U.S. Vice President criticized the policy of Russian authorities for cutting back civil rights and blackmailing its neighbors in his characteristically harsh manner. Kremlin sources referred to his speech as poorly informed and not objective. Others, both in Moscow and in the West, called it a return to the Cold War. Some denied that the vice president's speech represented the actual intentions of the Bush administration. Maybe all of those statements are nothing more than propaganda. But it is more likely that reflect a deep lack of understanding of American foreign policy and its foreign policy culture.
Commentary / March 29, 2006
Since the 2004 Orange Revolution, most of the news from Ukraine has emphasized the failures of the "revolutionaries." President Viktor Yushchenko and his first prime minister, Yulia Tymoshenko, could not sustain the economic growth rates seen under the pre-Orange government. Analysts in Moscow, London, Kiev and Washington blamed Ms. Tymoshenko's alleged populism for declining exports and depressed investment. Mr. Yushchenko looked like a feckless leader who was then tainted with charges of corruption over a gas deal between Russia and Ukraine, which delivered windfall profits to a mysterious company in Switzerland.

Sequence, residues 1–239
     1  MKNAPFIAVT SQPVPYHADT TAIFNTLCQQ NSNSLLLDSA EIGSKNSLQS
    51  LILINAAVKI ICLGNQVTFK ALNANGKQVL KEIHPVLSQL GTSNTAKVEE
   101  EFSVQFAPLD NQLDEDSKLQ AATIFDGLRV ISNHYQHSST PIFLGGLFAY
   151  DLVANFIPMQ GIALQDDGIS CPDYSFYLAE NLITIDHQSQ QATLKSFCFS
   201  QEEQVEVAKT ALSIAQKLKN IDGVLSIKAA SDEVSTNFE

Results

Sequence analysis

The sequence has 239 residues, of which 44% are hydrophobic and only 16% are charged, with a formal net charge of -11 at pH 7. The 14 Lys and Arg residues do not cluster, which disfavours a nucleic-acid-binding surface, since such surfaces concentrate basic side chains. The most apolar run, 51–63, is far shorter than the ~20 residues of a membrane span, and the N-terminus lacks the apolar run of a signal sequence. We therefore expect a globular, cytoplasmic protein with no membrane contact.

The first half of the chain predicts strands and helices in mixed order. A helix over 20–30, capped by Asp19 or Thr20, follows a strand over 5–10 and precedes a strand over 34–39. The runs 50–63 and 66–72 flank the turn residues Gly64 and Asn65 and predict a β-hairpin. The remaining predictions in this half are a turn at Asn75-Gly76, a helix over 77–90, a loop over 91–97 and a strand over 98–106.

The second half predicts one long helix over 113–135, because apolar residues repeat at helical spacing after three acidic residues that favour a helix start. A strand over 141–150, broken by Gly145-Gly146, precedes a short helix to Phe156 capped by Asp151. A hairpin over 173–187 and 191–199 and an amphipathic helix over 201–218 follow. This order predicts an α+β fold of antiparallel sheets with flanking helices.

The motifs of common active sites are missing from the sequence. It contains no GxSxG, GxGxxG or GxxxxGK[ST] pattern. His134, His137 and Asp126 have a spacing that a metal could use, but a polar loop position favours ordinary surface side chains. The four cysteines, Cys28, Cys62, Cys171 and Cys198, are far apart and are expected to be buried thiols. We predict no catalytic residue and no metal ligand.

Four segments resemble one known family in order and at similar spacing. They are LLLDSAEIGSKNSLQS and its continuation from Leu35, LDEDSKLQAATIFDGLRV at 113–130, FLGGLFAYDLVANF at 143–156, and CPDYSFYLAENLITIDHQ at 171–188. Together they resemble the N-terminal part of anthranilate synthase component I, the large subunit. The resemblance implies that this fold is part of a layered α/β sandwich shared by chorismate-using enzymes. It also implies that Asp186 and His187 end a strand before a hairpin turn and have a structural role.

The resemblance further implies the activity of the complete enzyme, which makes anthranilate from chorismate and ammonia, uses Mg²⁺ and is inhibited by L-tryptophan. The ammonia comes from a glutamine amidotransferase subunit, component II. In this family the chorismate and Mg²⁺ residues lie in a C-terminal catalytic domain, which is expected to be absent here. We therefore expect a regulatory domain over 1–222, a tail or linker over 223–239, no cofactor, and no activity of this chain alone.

Commentary / March 24, 2006
Commentary / March 6, 2006
By committing to spend $85 million to promote democracy in Iran in the next fiscal year, the Bush administration has signaled a major escalation of its efforts to challenge autocracy in Tehran. At the level of grand strategy, this major policy revision should be welcomed and supported. On principle, the U.S. should support the democratic aspirations of the Iranian people. For reasons of national security, Washington also has an interest in promoting democracy in Iran, as a democratic regime in Tehran would not threaten the U.S. or its allies and could serve as a powerful force for stability in the region.
Commentary / March 1, 2006
For Russian President Vladimir Putin, the year 2006 was to mark Russia's return as a major power in international politics. Remember, for most of the twentieth century, the Soviet Union enjoyed superpower status because of its army, its nuclear weapons, and its communist ideology. For those living in the free world or under Soviet subjugation, these were all coercive assets. The Soviet Union held the world's attention out of fear, not respect. After a tumultuous decade of transition in the 1990s, which marginalized Russia as an international actor, Putin aspires to return Russia to its great-power status, not because of its army, ideology, or even nuclear weapons but because of its oil and gas.
Commentary / February 27, 2006